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17 April 2014 12:48 pm ,
Vol. 344 ,
Using the two high-quality genomes that exist for Neandertals and Denisovans, researchers find clues to gene activity...
A new report from the Intergovernmental Panel on Climate Change (IPCC) concludes that humanity has done little to slow...
Astronomers have discovered an Earth-sized planet in the habitable zone of a red dwarf—a star cooler than the sun—500...
Three years ago, Jennifer Francis of Rutgers University proposed that a warming Arctic was altering the behavior of the...
Officials last week revealed that the U.S. contribution to ITER could cost $3.9 billion by 2034—roughly four times the...
An experimental hepatitis B drug that looked safe in animal trials tragically killed five of 15 patients in 1993. Now,...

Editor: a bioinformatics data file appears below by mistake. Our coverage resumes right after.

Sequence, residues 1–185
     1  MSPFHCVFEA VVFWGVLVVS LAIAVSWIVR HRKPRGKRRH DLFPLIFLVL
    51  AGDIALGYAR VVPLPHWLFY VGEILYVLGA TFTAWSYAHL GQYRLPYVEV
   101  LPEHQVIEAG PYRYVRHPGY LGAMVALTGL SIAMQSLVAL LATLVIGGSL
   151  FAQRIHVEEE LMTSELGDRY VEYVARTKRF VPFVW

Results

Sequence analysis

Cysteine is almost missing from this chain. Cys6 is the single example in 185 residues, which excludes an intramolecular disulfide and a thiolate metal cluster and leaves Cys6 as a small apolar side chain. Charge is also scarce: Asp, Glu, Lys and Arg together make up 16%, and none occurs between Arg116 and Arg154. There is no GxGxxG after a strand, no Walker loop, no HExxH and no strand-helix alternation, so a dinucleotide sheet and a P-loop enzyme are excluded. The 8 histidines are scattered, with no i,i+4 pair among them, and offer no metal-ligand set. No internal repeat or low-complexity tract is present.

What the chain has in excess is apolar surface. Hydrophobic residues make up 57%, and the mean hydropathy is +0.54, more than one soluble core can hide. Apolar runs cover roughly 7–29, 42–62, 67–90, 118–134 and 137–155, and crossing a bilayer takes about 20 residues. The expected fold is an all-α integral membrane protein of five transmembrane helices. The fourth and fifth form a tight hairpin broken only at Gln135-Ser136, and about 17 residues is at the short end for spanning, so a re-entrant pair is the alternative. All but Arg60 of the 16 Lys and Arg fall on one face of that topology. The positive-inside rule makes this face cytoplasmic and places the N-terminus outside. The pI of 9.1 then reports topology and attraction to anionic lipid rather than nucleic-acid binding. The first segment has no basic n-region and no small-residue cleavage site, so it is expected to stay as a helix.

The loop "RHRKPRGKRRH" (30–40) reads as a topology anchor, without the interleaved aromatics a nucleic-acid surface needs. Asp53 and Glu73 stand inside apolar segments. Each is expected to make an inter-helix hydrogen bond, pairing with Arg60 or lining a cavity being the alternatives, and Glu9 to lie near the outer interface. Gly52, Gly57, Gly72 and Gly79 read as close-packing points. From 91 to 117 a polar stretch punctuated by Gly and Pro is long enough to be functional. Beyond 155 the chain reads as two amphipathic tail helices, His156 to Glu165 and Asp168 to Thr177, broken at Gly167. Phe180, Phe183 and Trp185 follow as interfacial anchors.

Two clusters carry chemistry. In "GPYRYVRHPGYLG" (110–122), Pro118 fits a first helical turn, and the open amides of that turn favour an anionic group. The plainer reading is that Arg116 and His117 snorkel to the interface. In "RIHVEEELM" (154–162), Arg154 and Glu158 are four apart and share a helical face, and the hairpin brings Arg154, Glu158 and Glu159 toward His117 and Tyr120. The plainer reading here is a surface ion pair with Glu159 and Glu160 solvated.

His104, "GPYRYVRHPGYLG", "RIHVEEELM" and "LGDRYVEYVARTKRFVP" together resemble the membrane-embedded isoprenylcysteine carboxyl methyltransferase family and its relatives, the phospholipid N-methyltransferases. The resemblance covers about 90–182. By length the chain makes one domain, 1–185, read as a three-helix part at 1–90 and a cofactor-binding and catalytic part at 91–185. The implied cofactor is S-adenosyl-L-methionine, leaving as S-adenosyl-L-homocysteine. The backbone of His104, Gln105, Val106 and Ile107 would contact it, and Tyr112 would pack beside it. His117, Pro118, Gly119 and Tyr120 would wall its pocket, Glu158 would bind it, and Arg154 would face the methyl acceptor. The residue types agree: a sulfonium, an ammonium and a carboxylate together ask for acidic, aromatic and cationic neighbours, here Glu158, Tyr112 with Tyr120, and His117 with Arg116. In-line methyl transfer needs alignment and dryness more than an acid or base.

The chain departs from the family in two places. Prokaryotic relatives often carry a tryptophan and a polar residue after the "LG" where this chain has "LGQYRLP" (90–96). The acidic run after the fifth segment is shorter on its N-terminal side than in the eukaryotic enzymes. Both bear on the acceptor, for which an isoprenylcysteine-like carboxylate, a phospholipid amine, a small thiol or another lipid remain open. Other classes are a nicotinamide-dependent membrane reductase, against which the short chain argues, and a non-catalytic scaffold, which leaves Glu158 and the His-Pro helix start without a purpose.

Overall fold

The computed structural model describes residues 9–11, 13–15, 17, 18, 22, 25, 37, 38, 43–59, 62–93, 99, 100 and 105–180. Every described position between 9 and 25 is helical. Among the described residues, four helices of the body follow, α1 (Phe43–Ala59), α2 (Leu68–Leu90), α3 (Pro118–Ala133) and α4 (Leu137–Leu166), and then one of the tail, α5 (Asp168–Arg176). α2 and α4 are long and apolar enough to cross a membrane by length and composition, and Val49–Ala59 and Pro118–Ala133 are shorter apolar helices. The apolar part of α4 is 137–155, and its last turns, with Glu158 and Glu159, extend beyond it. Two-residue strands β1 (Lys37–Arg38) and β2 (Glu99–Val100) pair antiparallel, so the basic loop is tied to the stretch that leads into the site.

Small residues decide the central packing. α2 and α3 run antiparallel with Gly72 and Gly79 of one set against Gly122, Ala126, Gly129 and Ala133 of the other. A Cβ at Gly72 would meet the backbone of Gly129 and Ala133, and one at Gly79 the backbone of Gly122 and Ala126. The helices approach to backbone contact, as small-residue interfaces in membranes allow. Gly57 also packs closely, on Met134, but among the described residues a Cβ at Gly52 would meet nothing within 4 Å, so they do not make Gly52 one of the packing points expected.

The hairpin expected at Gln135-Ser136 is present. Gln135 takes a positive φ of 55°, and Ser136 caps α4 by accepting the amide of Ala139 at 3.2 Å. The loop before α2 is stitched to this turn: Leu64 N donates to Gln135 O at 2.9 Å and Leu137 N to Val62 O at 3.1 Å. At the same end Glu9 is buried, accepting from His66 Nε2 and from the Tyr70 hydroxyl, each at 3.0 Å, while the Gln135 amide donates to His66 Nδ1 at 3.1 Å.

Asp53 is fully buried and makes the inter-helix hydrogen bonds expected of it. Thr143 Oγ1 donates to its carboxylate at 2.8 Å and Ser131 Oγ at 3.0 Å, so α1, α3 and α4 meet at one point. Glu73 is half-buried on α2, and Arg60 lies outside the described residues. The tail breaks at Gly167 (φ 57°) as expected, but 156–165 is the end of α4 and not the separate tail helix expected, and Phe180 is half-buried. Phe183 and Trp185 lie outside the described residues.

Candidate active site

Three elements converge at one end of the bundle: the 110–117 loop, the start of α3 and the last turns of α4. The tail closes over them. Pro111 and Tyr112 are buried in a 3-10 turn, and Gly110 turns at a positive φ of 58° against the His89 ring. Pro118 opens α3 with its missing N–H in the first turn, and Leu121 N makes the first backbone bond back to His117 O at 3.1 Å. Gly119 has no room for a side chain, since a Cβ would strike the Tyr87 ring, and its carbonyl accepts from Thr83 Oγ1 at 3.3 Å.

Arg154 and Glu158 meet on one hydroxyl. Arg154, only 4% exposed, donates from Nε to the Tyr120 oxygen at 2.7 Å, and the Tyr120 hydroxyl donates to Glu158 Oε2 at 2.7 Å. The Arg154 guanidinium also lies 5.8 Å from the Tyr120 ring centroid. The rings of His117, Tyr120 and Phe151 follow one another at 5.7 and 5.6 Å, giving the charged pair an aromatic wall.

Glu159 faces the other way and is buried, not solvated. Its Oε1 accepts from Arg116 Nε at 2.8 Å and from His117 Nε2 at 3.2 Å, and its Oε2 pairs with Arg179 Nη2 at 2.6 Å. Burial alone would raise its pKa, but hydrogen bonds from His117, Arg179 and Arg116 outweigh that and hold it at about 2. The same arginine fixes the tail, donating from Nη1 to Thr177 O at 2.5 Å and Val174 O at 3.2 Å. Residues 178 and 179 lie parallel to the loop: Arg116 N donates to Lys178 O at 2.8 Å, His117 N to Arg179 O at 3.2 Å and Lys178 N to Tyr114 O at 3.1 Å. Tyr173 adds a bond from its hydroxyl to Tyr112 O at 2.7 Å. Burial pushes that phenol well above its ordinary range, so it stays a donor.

- 17 April 2014 12:48 pm , Vol. 344 , #6181
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ScienceShot: Return of the Drakozoon!
5 August 2010 11:52 am
With its gooey exterior and roving tentacles, Drakozoon kalumon looks (and sounds) like it came out of a sci-fi movie. But this bloblike ocean dweller was actually one of Earth's earliest animals. Thanks to a 3D reconstruction created by slicing the rare fossil into 200 pieces and scanning them through a computer, scientists believe the 400-million-year-old creature sported a leathery exterior and a protective hood, which it probably used to hide its tentacles when predators were nearby. Drakozoon also had a segmented body, the researchers report online this week in Biology Letters, suggesting that the earliest animals were made of repeating units, like the present-day earthworm. This critter was only a little thicker than your thumbnail, however, so Hollywood may want to look elsewhere for its next movie monster.
See more ScienceShots.